Making Child Marriage A Policy Priority: 'Girls Not Brides' Google Hangout

 @MayaErgas on May 25 2013 8:00 AM
Child Marriage
Lee Juemuang, 80, cares for her great-granddaughter while the 17-year-old mother works in Chiang Mai's Fang district on Oct. 1, 2012. Thailand has the second highest rate of teenage pregnancy in the world, according to Thai government data. A World Health Organization report shows the average number of pregnancies for every 1,000 girls in the 15-19 age group is 65, but that figure rises to 70 in Thailand. Teen pregnancy and early child marriage are among the major obstacles that deny the rights of 75 million adolescent girls worldwide to education. Reuters/Sukree Sukplang

A new report by the Council on Foreign Relations dives into some harrowing statistics on the rates of child marriage around the world, as well as into what can and should be done to change them. Rachel Vogelstein, the author of the report and a fellow in CFR’s women and foreign policy program, discussed aspects of the issue during a Google Hangout with Lakshmi Sundaram, the global coordinator of the Girls Not Brides action group, and Jennifer Redner, a senior program officer at the International Women’s Health Coalition. For starters, Vogelstein said that child marriage is far more prevalent than many people believe.

“The number of women married as children is staggering,” Vogelstein said. “The U.N. estimates that one in three women ages 20-24 ... approximately 70 million women ... were married under the age of 18.” Furthermore, she said, there are 5 million girls under the age of 15 who are married every year, or 13,000 per day. Many are as young as 8 or 9 years old, and are married despite laws that forbid it.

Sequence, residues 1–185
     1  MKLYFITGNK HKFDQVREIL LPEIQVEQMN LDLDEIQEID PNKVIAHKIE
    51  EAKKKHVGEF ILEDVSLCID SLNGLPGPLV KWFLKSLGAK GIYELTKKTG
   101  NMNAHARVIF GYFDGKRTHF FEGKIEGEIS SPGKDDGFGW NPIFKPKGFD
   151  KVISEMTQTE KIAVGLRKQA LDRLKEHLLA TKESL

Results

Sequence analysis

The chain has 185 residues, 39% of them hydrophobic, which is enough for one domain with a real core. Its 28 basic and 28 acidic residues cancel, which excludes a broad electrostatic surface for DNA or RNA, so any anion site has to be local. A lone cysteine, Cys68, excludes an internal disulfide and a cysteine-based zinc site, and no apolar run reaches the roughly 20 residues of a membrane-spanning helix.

“There are only four countries that have no law whatsoever [prescribing a minimum marriage age],” Vogelstein said. Those countries are Yemen, Saudi Arabia, Gambia, and Equatorial Guinea. “And yet, 14 million women under 18 are married every year. In some places, when the government attempts to enforce these laws, we’ve seen violence.”

Child marriage is detrimental not only to the health of girls in terms of abuse and the potential of dying during childbirth, but also to the health of the children they bear who are more likely to suffer from low birth weight and malnutrition, among other ailments. But even more relevant, Vogelstein said, is the instability that child marriage helps perpetuate on a national level. Most countries where child marriage is common tend to be ones with fragile governments or ones at high risk for natural disasters. “Reports out of Afghanistan and Niger confirm that families are pursuing this [child-marriage] strategy in times of crisis or conflict in an attempt to preserve resources,” she said. “It really exacerbates poverty, illiteracy, poor health and instability.”

All three speakers emphasized that if the U.S. were to make the end of child marriage a foreign-policy priority, it would help stability in countries such as Afghanistan and South Sudan, which are important nations in terms of U.S. policy. After all, when children are allowed to stay in school longer, their earning power grows, they said.

Answering a question about whether organizations such as Girls Not Brides were interfering with other cultures, Redner responded that the ability to decide if, when and who you marry is a universal right.

“We’re not making decisions for them,” Redner said. “We’re trying to provide the opportunity for girls to have a choice and a chance and to make decisions about their own lives.”

Sundaram also said that, despite common perceptions in many communities, there are no religions that endorse child marriage. “That’s why it’s important that any work done is rooted in communities, just going through the implications of child marriage and thinking about what are some of the reasons this practice has been taking place,” she said.

Watch the full Google Hangout here:

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